Another context, also easy to understand, is located in the 38th chapter of

Long story short, Judah left his staff and signet with Tamar as a pledge that
he would pay her with a young goat as compensation for sleeping with him
(Gen 38:18). The Hebrew word for Judah's pledge is 'arabown (ar-aw-bone')
which is equivalent to the Greek word for guarantee.

Well; Judah was unable to make good on his promise because Tamar took a
powder. So his response was:

"Let her keep what she has or we will become a disgrace." (Gen 38:23)

You bet your bippy they would have been a disgrace because until such a
time as Judah paid Tamar what he promised; she had a legitimate right to
keep his staff and his signet because that's the way an 'arabown works.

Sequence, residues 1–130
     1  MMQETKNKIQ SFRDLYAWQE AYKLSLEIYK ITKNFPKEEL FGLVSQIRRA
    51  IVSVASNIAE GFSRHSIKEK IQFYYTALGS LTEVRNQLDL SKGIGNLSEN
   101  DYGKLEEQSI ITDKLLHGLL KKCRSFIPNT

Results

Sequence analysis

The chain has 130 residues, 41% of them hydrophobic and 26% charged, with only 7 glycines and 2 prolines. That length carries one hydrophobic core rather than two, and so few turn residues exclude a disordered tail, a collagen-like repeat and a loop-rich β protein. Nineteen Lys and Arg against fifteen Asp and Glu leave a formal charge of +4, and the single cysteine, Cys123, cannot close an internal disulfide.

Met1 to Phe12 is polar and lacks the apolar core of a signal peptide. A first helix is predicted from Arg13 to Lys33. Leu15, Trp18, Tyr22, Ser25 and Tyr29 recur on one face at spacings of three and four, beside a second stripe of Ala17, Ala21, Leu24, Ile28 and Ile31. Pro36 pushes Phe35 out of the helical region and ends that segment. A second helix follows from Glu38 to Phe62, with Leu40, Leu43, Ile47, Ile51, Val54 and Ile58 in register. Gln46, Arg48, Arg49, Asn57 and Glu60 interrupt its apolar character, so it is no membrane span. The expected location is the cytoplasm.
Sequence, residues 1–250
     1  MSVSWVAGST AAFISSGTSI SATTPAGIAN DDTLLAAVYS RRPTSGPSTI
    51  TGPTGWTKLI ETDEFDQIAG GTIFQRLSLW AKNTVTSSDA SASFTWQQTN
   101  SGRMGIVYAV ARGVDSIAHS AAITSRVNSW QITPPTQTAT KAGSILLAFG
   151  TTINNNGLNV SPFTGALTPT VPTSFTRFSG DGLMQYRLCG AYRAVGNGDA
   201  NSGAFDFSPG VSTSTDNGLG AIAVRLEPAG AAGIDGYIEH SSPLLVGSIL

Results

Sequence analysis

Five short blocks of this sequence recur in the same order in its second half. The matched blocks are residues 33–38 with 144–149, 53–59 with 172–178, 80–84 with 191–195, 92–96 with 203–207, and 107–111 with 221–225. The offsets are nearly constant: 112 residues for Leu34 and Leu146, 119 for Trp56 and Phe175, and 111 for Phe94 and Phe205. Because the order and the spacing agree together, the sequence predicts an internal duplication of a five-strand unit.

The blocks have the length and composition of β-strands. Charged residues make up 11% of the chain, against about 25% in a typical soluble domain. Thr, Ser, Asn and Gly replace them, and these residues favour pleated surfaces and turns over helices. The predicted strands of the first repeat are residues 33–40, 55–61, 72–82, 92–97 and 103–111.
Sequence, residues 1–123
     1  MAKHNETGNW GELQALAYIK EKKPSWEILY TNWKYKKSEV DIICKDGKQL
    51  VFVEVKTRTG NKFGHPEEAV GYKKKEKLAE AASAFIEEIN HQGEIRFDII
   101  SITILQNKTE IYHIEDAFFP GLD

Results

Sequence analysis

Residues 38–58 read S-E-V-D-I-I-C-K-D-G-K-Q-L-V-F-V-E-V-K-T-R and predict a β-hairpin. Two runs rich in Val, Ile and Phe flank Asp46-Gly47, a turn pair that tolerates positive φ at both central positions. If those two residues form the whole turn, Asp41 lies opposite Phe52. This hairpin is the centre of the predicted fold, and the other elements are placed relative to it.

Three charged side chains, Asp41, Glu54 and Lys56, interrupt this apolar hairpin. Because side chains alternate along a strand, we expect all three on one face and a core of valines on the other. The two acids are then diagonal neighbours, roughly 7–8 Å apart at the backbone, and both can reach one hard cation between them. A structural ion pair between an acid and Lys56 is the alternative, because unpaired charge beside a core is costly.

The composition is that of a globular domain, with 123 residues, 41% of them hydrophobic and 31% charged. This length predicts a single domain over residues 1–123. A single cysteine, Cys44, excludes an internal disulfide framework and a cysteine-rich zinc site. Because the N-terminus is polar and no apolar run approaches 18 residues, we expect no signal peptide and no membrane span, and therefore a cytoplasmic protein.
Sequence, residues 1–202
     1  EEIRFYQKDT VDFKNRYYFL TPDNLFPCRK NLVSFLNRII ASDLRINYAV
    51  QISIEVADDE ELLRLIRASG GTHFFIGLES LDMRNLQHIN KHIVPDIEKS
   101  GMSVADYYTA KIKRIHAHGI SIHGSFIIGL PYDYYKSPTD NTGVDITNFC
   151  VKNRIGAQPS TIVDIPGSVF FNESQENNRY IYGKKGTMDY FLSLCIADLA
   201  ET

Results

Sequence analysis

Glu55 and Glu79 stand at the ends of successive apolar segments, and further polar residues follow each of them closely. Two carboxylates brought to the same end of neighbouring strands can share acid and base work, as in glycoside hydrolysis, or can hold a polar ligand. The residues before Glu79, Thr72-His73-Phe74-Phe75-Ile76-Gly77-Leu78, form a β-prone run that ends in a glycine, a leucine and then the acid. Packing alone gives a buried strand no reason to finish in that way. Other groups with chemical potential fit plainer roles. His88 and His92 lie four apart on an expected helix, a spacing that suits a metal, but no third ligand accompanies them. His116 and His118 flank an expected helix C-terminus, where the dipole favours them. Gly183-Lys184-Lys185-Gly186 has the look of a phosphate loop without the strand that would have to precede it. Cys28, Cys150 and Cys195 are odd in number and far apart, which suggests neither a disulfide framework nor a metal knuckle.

Bottom line is: at this point in the plan of salvation, should God not spare a
believer's soul from the sum of all fears; then He has to forfeit the Holy
Spirit. In other words: should a believer end up in hell, they get to keep the
Holy Spirit and take Him down there with them because that's the way the
arrhabon and the 'arabown work; and believers have God's signature holding
Him to it.



Senior Member
Dec 9, 2014
How People Stay In Heaven

I should think that producing enough piety during one's lifetime in order to
get to heaven would be difficult enough. But people who make it to heaven
don't face a lifetime; no, they're facing eternity. Producing piety for that long
has to be even harder.

According to Rom 2:6-11, people's piety has to be consistent. In other
words: there's no reward for complying with some of God's wishes some of
the time, nor even most of His wishes most of the time. No, people have to
comply with all of His wishes all the time in order to stay in heaven; no
slacking off-- people are expected to give it everything they've got.